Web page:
Dear Dr. Roach: After a three-year battle with multiple myeloma, my husband passed away in July. During those three years, he had almost every kind of chemotherapy known. As time progressed, the drugs got more expensive. Last summer, they wanted to try a drug called Revlimid. When we investigated what the cost to us would be with our Medicare Part D, it was $25 per pill, and they wanted him to be on the medicine for three weeks, then off for a week. I tried several "patient assistance programs" and was told by each that we wouldn't qualify because we were covered by a government insurance. Why would they help younger patients and not those of us who are over 65? Luckily, my husband served in the Navy and he was able to get his Revlimid through the Veterans Affairs system, but what are seniors who didn't serve in the military supposed to do? Are there any options for us? Someone is making a bunch of money at our expense.
A: Lenalidomide (Revlimid) is a relative of thalidomide, and may be of benefit to several types of "liquid" cancers, those of the bone marrow. Without insurance, the pills are over $600 each. Your insurance did help (a lot), but I understand that $500 for three weeks of medications can still be a real hardship for many. However, you would be horrified, as I have been, to hear what some people pay out of pocket for medication.
Lenalidomide is moderately effective: It improves disease-free survival by about six months, and people on lenalidomide for multiple myeloma achieved a complete response (no evidence of tumor by blood testing) 16 percent of the time, compared with 3 percent for the group without lenalidomide. That makes the drug worth more than its alternatives.
Many oncology medications are very expensive, and this is one. On the other hand, it is a significant advance in helping people live longer. I don't have the answer to runaway pharmaceutical costs in the U.S. It's very different in other countries.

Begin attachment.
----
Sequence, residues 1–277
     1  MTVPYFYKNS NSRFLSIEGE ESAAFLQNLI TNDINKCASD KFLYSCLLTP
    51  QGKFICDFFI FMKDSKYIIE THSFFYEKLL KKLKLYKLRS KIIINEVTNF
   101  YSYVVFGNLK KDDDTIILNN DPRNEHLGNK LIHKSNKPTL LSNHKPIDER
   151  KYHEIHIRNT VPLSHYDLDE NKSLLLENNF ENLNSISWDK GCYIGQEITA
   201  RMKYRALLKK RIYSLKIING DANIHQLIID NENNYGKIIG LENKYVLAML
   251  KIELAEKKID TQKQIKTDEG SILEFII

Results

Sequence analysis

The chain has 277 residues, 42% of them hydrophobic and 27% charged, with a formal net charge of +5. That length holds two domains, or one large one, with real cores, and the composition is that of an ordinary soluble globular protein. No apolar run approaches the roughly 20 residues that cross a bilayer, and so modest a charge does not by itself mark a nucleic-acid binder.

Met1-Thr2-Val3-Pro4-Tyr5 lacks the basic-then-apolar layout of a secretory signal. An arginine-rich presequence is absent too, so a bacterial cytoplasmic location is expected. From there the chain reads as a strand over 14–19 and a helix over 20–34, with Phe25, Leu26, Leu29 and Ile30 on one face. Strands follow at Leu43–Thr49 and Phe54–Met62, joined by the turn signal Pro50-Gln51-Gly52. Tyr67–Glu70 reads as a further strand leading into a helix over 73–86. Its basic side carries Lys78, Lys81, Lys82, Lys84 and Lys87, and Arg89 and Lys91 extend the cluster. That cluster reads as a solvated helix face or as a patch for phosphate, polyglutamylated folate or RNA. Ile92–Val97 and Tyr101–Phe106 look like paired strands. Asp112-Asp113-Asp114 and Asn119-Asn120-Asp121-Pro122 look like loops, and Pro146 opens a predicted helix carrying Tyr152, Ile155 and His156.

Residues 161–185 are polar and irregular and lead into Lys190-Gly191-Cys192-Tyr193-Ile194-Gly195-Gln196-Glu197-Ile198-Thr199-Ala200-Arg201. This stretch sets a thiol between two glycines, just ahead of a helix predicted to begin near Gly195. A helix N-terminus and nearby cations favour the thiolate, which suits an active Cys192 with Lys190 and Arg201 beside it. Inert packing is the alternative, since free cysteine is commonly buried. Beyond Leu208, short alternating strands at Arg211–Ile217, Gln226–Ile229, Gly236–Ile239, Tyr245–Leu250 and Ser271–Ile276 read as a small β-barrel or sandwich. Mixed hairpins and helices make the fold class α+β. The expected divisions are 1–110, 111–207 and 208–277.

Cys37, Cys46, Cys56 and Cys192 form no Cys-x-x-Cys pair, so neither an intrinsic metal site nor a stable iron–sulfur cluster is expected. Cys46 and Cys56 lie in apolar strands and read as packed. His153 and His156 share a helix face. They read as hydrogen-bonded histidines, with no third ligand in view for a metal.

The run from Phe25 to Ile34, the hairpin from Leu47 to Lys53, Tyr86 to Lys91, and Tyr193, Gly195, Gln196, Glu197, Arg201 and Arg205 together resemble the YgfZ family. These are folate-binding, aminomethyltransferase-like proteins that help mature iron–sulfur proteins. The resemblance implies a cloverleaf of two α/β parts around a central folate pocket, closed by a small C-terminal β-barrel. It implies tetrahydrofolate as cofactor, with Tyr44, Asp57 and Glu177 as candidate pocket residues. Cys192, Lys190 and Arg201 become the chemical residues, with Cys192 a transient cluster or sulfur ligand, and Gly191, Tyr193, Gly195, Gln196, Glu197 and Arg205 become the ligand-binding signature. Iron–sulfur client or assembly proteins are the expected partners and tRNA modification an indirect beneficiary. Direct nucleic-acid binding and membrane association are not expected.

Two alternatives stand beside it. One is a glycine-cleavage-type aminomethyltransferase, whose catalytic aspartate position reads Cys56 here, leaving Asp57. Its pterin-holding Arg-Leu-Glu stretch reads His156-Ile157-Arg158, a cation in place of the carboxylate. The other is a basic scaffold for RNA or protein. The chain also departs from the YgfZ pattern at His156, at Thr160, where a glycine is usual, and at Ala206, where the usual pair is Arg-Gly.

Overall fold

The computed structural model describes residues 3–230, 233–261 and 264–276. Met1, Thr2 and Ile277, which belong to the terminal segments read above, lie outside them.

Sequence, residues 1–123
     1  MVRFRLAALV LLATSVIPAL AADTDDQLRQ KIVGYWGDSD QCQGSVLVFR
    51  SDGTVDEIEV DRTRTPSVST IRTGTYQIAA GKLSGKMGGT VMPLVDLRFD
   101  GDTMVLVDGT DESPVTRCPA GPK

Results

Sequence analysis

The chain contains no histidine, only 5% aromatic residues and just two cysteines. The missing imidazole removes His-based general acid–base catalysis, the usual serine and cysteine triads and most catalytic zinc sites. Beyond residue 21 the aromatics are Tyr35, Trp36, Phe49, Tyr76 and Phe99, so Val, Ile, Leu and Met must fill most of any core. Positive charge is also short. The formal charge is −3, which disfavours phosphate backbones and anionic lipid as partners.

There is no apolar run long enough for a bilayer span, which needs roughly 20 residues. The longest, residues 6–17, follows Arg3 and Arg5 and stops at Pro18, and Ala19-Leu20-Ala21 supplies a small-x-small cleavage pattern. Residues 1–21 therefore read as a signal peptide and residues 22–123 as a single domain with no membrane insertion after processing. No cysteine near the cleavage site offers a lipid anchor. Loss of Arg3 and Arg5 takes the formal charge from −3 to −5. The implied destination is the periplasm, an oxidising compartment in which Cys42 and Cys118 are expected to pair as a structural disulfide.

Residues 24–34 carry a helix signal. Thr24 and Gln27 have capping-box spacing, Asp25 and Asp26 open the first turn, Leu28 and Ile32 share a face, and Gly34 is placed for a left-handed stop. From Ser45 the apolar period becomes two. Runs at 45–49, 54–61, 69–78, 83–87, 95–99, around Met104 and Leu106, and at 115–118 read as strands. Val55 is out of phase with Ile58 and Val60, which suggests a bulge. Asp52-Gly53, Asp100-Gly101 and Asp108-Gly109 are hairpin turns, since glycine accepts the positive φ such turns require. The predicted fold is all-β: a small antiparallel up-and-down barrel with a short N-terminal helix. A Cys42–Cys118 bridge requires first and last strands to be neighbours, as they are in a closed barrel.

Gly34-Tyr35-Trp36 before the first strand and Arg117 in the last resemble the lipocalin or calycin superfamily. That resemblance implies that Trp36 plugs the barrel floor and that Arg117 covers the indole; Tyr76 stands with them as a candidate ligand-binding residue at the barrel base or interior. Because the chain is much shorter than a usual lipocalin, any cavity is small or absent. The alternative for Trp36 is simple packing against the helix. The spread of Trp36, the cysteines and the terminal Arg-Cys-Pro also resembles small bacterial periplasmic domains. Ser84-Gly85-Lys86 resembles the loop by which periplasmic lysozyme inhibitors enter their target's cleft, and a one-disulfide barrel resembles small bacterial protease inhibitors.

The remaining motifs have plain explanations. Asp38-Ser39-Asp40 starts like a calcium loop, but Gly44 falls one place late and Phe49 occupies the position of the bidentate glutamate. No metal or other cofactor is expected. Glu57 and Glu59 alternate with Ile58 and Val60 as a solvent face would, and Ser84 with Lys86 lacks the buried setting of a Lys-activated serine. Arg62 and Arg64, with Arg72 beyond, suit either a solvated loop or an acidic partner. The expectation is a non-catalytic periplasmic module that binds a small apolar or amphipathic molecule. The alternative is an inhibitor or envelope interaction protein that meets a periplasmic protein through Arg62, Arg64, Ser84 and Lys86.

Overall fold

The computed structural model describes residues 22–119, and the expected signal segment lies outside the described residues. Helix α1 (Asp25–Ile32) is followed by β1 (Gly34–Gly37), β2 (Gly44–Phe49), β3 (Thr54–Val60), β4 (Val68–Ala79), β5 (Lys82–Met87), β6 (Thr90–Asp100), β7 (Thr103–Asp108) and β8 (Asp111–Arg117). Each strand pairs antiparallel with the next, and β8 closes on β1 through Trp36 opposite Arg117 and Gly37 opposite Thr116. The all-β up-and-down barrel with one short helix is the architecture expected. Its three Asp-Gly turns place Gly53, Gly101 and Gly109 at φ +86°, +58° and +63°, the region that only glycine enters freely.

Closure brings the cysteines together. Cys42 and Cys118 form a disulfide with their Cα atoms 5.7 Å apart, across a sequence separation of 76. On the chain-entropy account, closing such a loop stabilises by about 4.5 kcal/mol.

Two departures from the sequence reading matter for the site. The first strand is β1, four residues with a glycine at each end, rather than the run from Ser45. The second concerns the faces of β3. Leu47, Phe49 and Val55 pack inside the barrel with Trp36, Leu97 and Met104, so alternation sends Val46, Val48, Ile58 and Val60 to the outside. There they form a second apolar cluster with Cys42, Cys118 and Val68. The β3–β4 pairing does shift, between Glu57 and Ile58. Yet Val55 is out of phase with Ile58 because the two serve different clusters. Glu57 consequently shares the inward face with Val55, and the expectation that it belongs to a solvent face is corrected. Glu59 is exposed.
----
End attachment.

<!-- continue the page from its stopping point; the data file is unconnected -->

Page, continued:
Dear Dr. Roach: Several articles on the internet suggest that megadoses of vitamin C given intravenously can help in cases of severe sinus infection, for which we literally have no effective antibiotics, in order to treat them. Could this be true?
A: I couldn't find any high-quality research on intravenous vitamin C for sinus infections. However, there is some interesting research being done on vitamin C in severe sepsis, a physiological consequence of severe infection. In one study, the risk of dying from sepsis in people treated with vitamin C and steroids was 8 percent, compared with 40 percent in the control group. If confirmed, this would be a major advance for one of the biggest killers in the hospital. I am hopeful; however, I have seen other promising treatments for sepsis fail in large-scale studies.
For sinus infection in particular, if antibiotics aren't effective, there is surgical treatment. However, many times the issue is that the wrong antibiotics inadvertently are used, and choosing the right antibiotic may require a procedure to identify the exact bacteria present in the sinuses. There are certainly times in the hospital when there are no effective antibiotics, but I personally haven't seen that in sinus infections.
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Readers: The booklet on COPD explains both emphysema and chronic bronchitis, the two elements of COPD, in detail. Readers can obtain a copy by writing: Dr. Roach, Book No. 601, 628 Virginia Dr., Orlando, FL, 32803. Enclose a check or money order (no cash) for $4.75 with the recipient's printed name and address. Please allow 4-6 weeks for delivery.